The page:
Back in January 2013, the European Commission had released the latest progress report on justice affairs and fight against corruption regarding Romania within the framework of the Mechanism for Cooperation and Verification that is currently enforced.
The MCV progress report was undoubtedly highlighting lack of decision regarding the nomination of the “new Prosecutor General and head of the National Anti-corruption Directorate (DNA) who would enjoy public confidence and demonstrate the independence, integrity and professionalism needed to deliver effective results in fighting corruption”.
As such, Romanian PM Victor Ponta who, one should add, is entangled in a strange political construct made of the Social-Democrat and National Liberal Party, found himself caught in a dilemma: to nominate or not to nominate Laura Codruta Kovesi as Head of the DNA.
That was the question, even more so when Kovesi is the former Prosecutor General of Romania and overtly backed by President Traian Basescu and the parliamentary Opposition, Democrat Liberal Party or what’s left of it. Kovesi seems also backed by Ion Iliescu, former Romanian President and Honorary President of the Social-Democrats. Consensus seemed on its way if it weren’t for the Liberals… The dilemma now solved and Kovesi agreed on as the new Head of DNA ends for now the European agenda, but tramples on the national political construct since the liberals or let’s say, the Crin Antonescu wing are set on fighting back and force an unfriendly rupture.
Weary of European to-do lists and shameful progress reports, PM Victor Ponta might have even nominated someone else just to keep on holding hands with the Liberals, however since the Social-Democrats and the Liberals are “married without children”, no fuss intended in the first place, the public square definitely awaits for a divorce between the two parties just as well as the Democrat Liberals are ready to join an awkard Liberal wing headed by Tariceanu.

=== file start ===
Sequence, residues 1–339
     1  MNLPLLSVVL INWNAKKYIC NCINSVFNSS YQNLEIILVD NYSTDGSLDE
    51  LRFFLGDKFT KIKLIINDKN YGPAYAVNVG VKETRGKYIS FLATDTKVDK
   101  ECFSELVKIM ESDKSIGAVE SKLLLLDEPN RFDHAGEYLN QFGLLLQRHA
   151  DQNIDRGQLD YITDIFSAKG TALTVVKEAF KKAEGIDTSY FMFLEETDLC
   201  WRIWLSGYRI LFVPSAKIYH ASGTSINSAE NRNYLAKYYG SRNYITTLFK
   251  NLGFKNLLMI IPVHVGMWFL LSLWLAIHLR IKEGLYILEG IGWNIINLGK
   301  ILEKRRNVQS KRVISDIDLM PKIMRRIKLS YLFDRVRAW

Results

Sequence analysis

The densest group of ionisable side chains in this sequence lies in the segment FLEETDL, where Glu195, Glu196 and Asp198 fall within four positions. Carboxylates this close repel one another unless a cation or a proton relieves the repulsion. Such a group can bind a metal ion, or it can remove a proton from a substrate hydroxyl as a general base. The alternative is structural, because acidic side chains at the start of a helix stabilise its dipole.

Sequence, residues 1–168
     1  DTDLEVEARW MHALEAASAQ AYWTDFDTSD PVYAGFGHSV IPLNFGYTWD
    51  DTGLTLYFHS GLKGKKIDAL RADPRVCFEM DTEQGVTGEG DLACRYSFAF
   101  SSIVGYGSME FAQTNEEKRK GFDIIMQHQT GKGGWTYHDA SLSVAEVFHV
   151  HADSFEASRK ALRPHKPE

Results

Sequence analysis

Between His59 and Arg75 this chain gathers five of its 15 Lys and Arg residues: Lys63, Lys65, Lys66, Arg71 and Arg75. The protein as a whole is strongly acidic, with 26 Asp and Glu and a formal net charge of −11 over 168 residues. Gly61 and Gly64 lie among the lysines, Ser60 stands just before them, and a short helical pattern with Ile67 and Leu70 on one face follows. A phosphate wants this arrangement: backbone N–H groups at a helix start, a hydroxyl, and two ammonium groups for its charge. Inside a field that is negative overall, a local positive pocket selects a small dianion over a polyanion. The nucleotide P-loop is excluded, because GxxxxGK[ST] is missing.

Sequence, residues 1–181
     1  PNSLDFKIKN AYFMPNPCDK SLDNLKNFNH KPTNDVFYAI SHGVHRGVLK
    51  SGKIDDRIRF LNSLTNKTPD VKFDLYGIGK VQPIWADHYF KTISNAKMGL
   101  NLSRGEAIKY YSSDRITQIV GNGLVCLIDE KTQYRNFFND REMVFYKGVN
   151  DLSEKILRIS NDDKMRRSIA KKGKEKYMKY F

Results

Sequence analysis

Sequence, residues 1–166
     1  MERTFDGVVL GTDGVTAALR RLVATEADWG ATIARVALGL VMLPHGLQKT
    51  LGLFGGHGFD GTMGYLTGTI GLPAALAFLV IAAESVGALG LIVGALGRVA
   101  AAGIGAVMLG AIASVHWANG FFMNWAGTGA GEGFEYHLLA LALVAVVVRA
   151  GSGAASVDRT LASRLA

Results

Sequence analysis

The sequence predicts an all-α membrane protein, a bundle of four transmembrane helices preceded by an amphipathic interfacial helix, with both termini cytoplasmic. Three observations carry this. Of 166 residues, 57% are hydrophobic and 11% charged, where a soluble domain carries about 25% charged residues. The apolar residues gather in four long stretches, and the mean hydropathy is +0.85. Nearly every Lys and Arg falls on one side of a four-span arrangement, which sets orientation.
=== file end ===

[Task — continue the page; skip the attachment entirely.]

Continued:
Crin Antonescu as leader of the Liberal Party knows that a major public break down is counterproductive so he:
a) is either left with working on his own reputation by frequent visits to the confirmed political news channel Antena 3 of his fellow Conservative friend, Dan Voiculescu (by Conservative we mean that he is prone to habits Romanians thought they lost with the 1989 Revolution), former senator twice resigned from office for fear of ending up as Adrian Nastase did (i.e. behind bars);
b) or he might ask justice guarantees for some of his troubled friends. And he has a handful of them…
Therefore, waiting for Godot, or should we say Crin Antonescu’s reaction today, we might say that the political game is far from over in Romania, more so when the Head of Anti-corruption Directorate vacancy is at stake! Who would like, after all, to go behind bars? Because there are so many that qualify for it and the EU knows it just as PM Victor Ponta and former President Ion Iliescu know it.